The Gravelproof Hoof
- not just a dream
to return to 'Rory's Story'.
Click on any photograph to see a larger version
In early November 2011 Rory sustained a major injury to the right forefoot, exposing corium. The wound was dressed and kept in clean bandaging with boots and pads for five weeks.
Day 20 post-injury
Corium has sealed over
Subsequent distortion of the hoof capsule by January 2012 indicated the injury was far more serious than at first thought; lamina had been ripped apart right up to the coronet, as confirmed by thermographic imaging (courtesey of Jean Koek) and a deep cavity between the hoof wall and sole.
Radiographs in February 2012 (courtesy of Dr Alison Macintosh)
showed an area of inflammation around the injury site but no evidence of any fracture, suggesting Rory’s bone was strong enough to withstand a traumatic impact that had pulled apart healthy lamella.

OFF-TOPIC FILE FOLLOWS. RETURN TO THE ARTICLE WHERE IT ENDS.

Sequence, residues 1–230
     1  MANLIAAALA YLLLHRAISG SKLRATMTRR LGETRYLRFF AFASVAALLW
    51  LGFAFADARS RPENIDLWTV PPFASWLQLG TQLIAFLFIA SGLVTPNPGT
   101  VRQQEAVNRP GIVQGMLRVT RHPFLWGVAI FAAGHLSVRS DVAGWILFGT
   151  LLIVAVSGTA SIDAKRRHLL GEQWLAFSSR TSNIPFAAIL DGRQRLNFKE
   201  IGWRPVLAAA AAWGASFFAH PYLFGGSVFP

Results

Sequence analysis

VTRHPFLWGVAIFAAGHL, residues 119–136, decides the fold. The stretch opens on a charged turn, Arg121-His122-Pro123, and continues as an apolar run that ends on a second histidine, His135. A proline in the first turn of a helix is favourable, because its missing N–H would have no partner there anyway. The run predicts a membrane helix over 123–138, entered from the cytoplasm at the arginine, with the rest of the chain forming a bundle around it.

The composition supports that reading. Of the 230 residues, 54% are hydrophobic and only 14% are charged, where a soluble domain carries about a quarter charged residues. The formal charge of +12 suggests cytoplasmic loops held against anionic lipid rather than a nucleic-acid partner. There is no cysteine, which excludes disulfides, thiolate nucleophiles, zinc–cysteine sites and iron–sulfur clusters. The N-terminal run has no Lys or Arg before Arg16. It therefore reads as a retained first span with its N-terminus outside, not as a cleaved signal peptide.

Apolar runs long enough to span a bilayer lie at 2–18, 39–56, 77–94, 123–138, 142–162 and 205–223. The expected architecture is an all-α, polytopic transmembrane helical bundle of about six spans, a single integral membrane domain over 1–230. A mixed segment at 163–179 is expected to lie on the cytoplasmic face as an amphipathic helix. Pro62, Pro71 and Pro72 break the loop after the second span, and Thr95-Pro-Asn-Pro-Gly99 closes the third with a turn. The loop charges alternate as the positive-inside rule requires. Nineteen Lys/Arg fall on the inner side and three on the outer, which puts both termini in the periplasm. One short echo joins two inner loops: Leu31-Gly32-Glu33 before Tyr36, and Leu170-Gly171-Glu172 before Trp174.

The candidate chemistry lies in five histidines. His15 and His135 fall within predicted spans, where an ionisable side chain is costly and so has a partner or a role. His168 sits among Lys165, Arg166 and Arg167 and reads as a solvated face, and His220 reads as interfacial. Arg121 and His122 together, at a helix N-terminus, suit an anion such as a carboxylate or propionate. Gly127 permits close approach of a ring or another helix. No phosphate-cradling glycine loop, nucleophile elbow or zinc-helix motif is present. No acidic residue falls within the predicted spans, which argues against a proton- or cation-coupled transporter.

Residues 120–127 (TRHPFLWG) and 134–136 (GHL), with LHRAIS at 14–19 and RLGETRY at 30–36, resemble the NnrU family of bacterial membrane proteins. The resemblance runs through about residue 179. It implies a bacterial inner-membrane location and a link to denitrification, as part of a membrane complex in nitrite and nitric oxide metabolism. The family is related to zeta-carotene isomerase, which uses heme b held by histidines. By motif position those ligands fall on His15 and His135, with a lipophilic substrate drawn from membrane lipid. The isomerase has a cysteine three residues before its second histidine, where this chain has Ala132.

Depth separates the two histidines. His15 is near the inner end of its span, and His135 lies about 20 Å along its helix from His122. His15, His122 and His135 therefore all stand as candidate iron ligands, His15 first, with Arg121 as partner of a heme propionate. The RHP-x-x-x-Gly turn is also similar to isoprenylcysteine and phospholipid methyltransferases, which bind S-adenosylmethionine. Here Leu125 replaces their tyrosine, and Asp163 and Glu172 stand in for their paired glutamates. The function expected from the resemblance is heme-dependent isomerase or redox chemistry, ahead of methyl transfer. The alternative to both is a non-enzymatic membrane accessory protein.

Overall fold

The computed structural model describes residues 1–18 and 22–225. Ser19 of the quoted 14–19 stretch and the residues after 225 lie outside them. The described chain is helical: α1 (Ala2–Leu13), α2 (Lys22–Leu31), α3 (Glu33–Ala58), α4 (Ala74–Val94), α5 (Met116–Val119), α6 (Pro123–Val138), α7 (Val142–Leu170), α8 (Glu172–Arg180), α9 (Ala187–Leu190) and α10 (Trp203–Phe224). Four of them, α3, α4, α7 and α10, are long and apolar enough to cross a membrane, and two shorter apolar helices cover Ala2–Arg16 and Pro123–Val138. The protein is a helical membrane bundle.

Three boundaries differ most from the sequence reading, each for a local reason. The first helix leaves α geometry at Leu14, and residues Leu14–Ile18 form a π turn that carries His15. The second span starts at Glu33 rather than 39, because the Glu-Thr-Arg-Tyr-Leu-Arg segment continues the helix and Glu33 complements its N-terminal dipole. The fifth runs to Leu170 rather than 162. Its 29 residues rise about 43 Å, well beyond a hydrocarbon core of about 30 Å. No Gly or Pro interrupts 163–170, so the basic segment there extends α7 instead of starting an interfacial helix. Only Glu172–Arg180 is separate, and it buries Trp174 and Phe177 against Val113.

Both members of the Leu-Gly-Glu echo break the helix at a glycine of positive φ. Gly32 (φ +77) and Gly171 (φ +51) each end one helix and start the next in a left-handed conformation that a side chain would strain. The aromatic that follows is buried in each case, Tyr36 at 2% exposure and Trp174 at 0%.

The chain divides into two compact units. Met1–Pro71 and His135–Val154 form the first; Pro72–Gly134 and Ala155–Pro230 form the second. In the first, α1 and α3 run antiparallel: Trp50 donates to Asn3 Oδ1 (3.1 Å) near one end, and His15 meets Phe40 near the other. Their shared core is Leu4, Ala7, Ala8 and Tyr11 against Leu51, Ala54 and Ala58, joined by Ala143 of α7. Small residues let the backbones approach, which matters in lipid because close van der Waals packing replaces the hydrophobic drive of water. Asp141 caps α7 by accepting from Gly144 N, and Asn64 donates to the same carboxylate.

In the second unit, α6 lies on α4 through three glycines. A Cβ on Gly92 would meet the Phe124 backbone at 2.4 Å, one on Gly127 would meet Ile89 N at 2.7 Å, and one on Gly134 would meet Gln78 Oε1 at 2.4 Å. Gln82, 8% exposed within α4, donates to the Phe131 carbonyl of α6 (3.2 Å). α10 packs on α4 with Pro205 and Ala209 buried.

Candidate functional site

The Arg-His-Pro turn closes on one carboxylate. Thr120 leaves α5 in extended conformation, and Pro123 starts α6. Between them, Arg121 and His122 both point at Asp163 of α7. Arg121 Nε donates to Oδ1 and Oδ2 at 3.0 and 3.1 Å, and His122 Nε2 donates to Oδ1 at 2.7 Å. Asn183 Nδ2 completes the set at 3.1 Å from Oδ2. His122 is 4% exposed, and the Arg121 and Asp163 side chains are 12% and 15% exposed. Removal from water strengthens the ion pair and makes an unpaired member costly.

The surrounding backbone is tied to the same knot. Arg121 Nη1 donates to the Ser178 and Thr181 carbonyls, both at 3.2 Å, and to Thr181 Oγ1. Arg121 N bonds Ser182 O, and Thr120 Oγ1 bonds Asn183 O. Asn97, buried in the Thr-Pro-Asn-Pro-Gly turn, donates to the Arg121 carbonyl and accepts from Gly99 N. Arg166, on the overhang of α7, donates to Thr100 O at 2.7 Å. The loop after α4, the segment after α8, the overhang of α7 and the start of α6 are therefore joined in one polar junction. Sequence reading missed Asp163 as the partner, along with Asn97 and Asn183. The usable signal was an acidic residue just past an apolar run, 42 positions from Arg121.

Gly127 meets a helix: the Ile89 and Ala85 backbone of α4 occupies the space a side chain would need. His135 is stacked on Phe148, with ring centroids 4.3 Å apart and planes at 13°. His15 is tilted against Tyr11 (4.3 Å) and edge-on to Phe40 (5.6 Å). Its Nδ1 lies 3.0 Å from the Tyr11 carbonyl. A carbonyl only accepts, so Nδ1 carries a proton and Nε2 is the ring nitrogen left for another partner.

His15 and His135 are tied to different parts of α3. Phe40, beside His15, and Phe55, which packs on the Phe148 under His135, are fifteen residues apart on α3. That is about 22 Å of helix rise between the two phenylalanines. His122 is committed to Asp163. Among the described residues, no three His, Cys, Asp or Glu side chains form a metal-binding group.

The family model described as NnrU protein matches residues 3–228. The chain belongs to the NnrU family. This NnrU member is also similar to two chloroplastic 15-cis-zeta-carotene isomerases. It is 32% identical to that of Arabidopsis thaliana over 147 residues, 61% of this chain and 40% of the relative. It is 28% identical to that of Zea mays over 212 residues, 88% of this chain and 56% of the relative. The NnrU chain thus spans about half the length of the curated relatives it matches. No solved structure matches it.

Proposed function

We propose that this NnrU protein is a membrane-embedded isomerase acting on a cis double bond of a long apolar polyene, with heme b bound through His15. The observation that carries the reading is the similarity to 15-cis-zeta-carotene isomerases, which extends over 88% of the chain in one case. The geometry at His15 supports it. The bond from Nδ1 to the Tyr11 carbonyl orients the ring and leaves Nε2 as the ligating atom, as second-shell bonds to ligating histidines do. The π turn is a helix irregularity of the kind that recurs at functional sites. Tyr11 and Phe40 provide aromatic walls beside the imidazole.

Despite years of grazing high-oxalate setaria pasture with no high-calcium feeds and very little calcium supplementation, plus many years of a low calcium and high magnesium diet, Rory does not show any signs of bone loss or bone weakness.
to go to the Oxalates subpage where this topic is discussed in detail.
In April 2012 a large abscess formed which exited the hoof at the coronet directly above the injury site. The abscess was still actively draining when the photo on the left below was taken 3 weeks after initial eruption. The photo on the right below was taken in June 2012, showing the abscess scar growing down the hoof; this photo also clearly shows the large lamellar wedge created in response to the injury.
UPDATE JULY 2013
Rory's injury is now just about fully healed, the disorted hoof capsule is close to regaining it's normal shape. The last of the lamella wedge should reach reach ground level within a couple of months - more than 18 months after the injury.
Rory is once more completely sound barefoot on all terrain.
Any queries that arise after reading everything on this site can be directed to: